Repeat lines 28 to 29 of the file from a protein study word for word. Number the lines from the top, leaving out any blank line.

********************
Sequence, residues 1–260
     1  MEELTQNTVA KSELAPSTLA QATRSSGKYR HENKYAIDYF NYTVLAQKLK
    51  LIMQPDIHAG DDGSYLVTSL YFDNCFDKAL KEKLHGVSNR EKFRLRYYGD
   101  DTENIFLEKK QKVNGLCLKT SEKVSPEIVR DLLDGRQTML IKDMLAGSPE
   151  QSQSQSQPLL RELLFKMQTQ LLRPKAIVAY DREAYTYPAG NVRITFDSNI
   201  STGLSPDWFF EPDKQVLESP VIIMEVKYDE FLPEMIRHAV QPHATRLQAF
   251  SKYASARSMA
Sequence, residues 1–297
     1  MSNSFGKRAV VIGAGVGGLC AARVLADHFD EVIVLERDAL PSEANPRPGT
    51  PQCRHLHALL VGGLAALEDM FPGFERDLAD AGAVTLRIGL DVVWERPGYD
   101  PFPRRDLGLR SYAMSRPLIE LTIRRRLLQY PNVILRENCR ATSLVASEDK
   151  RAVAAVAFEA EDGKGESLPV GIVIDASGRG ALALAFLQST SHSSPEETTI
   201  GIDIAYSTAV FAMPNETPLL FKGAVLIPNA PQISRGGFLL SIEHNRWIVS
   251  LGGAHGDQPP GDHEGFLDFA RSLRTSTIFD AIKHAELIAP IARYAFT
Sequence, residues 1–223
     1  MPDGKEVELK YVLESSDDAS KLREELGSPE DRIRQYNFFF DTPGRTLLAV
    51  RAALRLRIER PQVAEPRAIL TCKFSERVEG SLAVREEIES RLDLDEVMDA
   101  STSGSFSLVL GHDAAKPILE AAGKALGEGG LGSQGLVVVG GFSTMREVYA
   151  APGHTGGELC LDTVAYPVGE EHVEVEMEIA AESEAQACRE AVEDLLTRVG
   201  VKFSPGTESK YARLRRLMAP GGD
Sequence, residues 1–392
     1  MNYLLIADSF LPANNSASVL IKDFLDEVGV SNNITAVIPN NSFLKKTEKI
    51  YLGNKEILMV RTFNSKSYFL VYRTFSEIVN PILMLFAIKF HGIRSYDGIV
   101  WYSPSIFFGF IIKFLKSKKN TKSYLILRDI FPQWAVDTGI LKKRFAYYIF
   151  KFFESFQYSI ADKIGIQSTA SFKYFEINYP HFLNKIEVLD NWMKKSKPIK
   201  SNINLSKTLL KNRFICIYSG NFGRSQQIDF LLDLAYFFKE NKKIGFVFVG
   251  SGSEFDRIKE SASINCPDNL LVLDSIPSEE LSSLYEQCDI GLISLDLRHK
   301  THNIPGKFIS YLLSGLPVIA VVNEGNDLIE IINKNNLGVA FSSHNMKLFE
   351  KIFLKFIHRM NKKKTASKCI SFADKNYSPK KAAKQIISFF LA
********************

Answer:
   301  THNIPGKFIS YLLSGLPVIA VVNEGNDLIE IINKNNLGVA FSSHNMKLFE
   351  KIFLKFIHRM NKKKTASKCI SFADKNYSPK KAAKQIISFF LA